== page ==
The pandemic has wrought many, many hardships, even as New Zealand has done comparatively well in maintaining low case numbers.
Some of the ordeals for those locked out of their right to return to Aotearoa have been heartrending to read.
Such forced estrangements are cruel. The case of nurse Rajdeep Kaur, who was parted from her young son for two years is truly moving. A three-month separation to let a family get established in Christchurch turned into 24 months of anguish, raised and dashed hopes, and ultimately a reunion of happy tears.
There are countless accounts in a similar vein, although not all with such an uplifting outcome. This newspaper has been contacted over and again by the desperate and disconsolate, many who have not wanted their stories made public but simply want someone, anyone, to hear them.
This week it was revealed that an IT glitch had compounded some people's despair. As of last month, Resident 2021 Visa holders and families of essential workers have needed to prove they have a visa before their MIQ booking can be completed.
Effectively, these people completed every step of the process for their arrival only to have the final verification denied due to the system being unable to confirm applicants were authorised to return.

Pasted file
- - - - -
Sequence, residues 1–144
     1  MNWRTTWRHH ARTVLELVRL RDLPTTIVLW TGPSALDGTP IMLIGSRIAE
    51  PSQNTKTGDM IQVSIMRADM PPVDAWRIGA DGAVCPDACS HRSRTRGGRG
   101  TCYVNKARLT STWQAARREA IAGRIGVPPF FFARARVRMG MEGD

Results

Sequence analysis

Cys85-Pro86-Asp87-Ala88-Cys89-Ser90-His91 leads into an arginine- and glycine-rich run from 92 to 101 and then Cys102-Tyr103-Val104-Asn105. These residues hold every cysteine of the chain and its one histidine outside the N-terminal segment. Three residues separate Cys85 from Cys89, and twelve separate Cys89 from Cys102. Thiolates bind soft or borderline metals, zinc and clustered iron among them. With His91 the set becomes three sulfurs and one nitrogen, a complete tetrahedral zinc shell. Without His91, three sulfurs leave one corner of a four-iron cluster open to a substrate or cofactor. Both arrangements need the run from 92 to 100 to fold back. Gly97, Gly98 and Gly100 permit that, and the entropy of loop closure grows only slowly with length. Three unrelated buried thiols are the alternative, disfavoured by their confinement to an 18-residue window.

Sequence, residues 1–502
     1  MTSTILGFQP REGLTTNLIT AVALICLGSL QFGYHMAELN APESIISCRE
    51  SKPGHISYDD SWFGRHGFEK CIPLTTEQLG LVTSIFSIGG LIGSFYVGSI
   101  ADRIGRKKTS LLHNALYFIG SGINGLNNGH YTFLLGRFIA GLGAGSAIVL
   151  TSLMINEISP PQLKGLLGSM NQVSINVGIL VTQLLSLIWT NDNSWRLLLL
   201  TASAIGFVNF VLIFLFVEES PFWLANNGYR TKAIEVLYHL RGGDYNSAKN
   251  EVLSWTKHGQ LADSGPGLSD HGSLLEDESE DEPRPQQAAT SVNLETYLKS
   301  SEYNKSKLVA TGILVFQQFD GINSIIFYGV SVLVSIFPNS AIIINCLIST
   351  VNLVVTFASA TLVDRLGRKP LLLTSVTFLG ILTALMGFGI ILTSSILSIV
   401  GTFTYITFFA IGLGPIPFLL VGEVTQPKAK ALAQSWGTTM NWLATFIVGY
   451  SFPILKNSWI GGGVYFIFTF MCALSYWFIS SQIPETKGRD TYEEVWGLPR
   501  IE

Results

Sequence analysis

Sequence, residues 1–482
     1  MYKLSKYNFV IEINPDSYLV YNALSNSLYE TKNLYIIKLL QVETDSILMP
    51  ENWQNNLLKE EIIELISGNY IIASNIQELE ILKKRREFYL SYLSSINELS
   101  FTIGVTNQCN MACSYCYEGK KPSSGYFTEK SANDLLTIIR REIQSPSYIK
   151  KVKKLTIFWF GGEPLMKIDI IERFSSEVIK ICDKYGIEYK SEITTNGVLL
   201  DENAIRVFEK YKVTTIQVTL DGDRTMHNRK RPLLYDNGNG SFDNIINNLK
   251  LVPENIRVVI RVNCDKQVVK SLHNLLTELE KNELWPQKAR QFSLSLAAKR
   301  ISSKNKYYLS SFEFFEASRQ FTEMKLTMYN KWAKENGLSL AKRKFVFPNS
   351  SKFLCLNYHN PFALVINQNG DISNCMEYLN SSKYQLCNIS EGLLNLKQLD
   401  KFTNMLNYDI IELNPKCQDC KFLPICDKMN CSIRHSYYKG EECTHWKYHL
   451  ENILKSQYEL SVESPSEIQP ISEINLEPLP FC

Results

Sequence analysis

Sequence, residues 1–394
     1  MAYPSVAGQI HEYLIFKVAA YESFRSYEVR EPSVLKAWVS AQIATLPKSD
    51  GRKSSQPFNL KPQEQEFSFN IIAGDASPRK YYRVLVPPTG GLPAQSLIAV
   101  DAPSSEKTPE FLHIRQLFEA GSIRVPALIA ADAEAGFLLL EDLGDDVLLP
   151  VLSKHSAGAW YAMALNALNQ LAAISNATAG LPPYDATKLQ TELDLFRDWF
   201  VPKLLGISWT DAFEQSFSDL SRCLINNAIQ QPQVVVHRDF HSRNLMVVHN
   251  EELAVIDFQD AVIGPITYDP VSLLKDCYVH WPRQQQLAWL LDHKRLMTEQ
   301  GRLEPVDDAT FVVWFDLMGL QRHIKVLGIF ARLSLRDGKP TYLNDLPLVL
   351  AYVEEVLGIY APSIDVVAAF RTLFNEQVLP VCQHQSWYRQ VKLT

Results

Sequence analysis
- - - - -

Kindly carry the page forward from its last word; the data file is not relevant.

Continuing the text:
An estimated 187 people are believed to have had their hopes dashed by the glitch. These are the latest, but almost certainly not the last, to be held up by the inhumane balancing act a country must negotiate during a pandemic.
AdvertisementAdvertise with NZME.
Ensuring MIQ rooms are released only to people who have verified they can return prevents these precious facilities from being wasted.
The lottery style of taking caches of cases into cyber rooms to be selected at random has been criticised for lacking fairness and failing to take into account the extenuating circumstances of some needier cases.
There are almost a dozen "critical purpose" criteria for people to enter New Zealand. For those who fall outside these criteria, it would be time-heavy and likely pointless to try to evaluate and prioritise. To do so might also open up avenues for appeal and further slow what is already an encumbered system.
There have been numerous calls, notably from the Opposition and from organised lobby groups of ex-pats, to relax restrictions on returnees. But to allow less fettered access could undo all the hard work done to keep cases at manageable levels for our health system.
We are duty bound to carry on cautiously within our means, even though this is little comfort to those left out. In this invidious position, it is essential we retain our compassion. Yes, people were warned of the possible consequences of being away from New Zealand but life is not so cut-and-dried.
Our own people have felt hard done-by and are victims of our success as a destination much desired to shelter from the Covid storm.
We sincerely wish for your safe return and look forward to opening our arms again with a hearty: "Haere mai, Kiwi."